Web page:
Thursday, December 13, 2007

Baby's errors are crucial first step for a smarter robot

Published on 05.10.07 by Michael Reilly and David Robson
on NewScientist Magazine issue 2624

When your software crashes, you probably restart your PC and hope it doesn't happen again, or you get the bug fixed. But not Rachel Wood. When a program she was testing screwed up a task that a 2-year-old would find easy, she was elated. The reason for this seemingly perverse reaction is that Wood's program didn't contain a bug, but had committed a famous cognitive goof identified by the psychology pioneer Jean Piaget. Known as the A-not-B error, it is made by babies between 7 and 12 months old and is seen as one of the hallmarks of fledgling human intelligence. Wood's robot has a brain far simpler than a baby's. But unravelling the events that led to this human-like behaviour - something that is easier to do in a computer program than a real brain - could help improve our understanding of artificial intelligence. Click for more...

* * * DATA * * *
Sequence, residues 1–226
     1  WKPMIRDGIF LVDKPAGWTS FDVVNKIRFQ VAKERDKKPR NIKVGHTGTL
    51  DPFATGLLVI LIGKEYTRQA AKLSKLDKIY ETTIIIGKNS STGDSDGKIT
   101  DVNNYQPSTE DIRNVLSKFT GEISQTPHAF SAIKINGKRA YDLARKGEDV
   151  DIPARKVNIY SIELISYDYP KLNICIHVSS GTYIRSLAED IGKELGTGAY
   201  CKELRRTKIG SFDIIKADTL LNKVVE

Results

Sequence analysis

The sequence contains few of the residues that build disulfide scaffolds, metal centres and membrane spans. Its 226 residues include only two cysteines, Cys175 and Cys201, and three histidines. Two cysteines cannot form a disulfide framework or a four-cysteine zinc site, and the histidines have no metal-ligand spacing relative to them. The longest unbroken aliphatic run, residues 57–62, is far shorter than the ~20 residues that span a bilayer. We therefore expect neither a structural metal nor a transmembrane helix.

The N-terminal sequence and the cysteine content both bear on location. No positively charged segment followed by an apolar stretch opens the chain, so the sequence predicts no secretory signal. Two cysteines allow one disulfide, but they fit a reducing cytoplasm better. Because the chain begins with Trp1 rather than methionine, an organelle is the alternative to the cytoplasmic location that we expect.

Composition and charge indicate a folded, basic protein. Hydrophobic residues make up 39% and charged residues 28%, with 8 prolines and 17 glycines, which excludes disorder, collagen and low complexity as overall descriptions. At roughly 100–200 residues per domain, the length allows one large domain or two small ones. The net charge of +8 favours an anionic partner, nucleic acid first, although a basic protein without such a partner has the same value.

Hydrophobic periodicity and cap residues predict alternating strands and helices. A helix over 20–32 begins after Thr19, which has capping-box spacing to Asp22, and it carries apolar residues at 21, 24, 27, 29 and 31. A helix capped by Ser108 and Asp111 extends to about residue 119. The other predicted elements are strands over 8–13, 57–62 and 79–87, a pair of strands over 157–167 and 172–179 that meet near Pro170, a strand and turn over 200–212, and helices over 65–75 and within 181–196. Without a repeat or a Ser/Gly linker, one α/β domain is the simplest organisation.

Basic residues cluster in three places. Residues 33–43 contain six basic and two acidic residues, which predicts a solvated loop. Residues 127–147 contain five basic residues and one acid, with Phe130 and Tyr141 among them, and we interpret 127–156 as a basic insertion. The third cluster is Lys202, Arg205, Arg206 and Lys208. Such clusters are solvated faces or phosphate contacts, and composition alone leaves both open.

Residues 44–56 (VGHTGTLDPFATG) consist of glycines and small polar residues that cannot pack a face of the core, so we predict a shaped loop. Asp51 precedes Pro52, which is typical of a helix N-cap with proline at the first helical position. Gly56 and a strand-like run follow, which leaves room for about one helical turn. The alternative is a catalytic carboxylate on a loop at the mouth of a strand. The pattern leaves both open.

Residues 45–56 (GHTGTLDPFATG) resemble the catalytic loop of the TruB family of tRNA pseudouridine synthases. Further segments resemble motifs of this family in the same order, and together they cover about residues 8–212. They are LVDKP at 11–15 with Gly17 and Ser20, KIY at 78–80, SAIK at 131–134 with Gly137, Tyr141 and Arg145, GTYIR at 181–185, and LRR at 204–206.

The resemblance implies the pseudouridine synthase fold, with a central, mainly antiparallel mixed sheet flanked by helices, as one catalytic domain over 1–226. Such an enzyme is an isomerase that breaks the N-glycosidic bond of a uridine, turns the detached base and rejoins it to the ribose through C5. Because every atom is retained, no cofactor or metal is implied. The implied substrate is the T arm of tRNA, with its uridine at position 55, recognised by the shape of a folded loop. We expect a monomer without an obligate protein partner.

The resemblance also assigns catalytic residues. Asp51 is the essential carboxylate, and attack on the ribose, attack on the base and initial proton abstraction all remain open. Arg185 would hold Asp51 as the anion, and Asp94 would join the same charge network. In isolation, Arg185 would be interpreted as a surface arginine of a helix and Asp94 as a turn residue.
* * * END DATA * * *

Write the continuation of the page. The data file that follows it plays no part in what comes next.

[G.K Comment: Robots with built-in trial & error functionality for fixing "bugs"... that's the future.]